From the monk who sets himself on fire in a crowded intersection of Saigon ("the familiar corded tendons of his hands, become / a bracken of ashes, a carbon twine of burnt"), to the salmon run in British Columbia ("The salmon word / for home is glacierdust and once-tall trees unlimbed, / a taste, no matter where, they know"), Johnson writes of topics varied and eclectic, unified by a focus on moments both declining and revenant.
Startling and haunting, the poems delve into the ways in which these moments are transformative, beautiful and unexpected. Being eaten by a lion is a gift rather than a loss, an opportunity for grace: "Instead, focus on your life, / its crimson liquor he grows drunk on. / Notice the way the red highlights his face, / how the snub nose is softened, the lips made / fuller; notice his deft musculature, his rapture."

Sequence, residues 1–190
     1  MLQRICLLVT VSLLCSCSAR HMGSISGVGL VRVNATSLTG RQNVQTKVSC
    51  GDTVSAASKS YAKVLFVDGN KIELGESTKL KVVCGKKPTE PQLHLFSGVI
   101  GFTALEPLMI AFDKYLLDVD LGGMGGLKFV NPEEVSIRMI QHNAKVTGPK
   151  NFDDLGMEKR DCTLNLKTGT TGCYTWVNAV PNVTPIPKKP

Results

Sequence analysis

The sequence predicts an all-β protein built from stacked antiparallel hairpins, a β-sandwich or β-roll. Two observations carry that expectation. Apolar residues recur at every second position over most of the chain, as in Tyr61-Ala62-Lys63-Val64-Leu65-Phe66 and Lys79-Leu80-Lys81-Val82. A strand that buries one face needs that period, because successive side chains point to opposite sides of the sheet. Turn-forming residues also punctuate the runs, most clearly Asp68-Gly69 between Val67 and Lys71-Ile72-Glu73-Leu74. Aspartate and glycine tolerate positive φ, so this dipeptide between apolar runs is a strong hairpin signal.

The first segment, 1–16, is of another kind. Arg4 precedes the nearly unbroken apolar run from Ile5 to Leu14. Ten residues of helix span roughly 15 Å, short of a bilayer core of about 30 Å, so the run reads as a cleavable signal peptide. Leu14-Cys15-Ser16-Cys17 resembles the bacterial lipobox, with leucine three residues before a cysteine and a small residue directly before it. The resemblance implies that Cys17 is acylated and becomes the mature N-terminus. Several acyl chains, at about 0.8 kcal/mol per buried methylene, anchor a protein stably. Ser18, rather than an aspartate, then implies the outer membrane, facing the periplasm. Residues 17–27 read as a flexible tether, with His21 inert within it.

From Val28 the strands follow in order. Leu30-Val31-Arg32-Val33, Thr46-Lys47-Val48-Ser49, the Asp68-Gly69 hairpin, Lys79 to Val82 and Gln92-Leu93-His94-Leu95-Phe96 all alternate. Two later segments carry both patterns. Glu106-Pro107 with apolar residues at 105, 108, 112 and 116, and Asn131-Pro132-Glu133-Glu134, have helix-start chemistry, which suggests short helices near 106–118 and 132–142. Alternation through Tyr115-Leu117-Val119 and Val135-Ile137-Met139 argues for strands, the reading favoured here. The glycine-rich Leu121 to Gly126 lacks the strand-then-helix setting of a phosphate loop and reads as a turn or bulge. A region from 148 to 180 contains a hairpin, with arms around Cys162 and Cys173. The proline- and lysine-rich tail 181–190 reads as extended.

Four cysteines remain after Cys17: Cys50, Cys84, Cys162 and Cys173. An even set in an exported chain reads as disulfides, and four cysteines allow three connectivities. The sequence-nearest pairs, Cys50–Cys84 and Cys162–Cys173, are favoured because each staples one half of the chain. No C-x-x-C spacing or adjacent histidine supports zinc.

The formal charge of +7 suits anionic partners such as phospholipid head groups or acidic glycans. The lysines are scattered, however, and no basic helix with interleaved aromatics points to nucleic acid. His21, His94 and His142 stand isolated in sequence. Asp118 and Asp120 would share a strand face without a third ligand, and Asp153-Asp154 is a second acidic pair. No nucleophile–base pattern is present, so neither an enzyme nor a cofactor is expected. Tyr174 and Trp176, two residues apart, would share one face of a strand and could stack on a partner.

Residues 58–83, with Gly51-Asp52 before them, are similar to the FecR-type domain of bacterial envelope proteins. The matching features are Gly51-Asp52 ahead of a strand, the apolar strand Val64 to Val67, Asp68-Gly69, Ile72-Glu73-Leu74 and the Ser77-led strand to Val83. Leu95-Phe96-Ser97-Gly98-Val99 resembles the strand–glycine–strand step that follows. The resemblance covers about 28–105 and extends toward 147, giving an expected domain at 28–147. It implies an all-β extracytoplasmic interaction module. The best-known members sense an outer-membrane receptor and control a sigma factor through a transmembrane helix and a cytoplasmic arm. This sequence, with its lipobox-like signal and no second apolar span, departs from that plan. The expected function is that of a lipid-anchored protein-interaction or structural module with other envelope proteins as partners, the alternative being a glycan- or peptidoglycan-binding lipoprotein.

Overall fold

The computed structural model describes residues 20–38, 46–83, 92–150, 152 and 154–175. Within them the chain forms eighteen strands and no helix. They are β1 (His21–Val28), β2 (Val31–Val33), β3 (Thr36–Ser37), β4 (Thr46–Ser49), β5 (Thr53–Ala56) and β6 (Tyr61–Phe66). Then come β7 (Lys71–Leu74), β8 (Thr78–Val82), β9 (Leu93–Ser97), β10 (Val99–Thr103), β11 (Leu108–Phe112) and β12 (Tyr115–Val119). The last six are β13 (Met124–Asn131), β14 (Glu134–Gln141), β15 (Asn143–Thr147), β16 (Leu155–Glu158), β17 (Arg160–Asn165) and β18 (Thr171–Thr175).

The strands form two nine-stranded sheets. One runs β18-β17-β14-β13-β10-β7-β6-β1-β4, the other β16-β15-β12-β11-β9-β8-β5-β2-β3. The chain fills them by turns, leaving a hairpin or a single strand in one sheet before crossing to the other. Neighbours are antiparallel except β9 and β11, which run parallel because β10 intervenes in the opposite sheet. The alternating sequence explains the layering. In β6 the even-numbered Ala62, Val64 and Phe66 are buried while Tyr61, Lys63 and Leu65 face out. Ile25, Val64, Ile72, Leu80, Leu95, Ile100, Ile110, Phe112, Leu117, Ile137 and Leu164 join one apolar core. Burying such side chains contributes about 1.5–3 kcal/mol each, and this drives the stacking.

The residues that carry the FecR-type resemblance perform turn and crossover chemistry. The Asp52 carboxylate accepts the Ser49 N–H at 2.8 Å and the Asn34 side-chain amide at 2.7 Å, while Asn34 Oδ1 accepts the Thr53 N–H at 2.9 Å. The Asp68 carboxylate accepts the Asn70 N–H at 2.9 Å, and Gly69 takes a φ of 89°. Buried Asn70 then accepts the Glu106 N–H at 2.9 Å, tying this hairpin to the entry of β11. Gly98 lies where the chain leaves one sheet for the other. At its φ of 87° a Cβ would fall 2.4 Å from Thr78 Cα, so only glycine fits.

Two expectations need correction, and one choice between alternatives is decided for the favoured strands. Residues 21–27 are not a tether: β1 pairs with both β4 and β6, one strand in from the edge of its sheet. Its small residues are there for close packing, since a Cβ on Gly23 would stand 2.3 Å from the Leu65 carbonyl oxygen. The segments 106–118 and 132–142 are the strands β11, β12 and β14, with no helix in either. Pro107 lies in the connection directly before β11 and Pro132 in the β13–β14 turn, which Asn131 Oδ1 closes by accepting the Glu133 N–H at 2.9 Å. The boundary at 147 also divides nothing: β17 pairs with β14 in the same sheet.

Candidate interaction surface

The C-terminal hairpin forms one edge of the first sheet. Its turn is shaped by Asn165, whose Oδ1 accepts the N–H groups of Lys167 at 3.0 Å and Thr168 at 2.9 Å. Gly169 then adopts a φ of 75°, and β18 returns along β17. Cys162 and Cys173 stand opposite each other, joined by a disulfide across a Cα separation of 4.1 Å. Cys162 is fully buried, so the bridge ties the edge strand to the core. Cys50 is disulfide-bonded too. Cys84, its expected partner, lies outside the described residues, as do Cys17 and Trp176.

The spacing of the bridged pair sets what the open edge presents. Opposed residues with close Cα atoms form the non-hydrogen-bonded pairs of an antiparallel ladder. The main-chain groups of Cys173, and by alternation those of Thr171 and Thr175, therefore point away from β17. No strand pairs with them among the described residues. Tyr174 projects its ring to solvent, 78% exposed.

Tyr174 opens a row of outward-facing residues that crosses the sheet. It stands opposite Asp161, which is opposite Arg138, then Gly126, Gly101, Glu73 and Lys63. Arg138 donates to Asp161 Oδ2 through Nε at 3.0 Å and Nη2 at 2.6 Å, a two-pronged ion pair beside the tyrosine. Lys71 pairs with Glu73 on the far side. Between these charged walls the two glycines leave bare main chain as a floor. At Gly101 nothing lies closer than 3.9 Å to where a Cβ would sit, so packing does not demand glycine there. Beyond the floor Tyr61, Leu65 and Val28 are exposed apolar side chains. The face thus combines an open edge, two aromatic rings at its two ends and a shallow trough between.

Lyrical and rich with visceral imagery, How to Be Eaten by a Lion lingers, exploring the world with an eye for detail and an ear for music.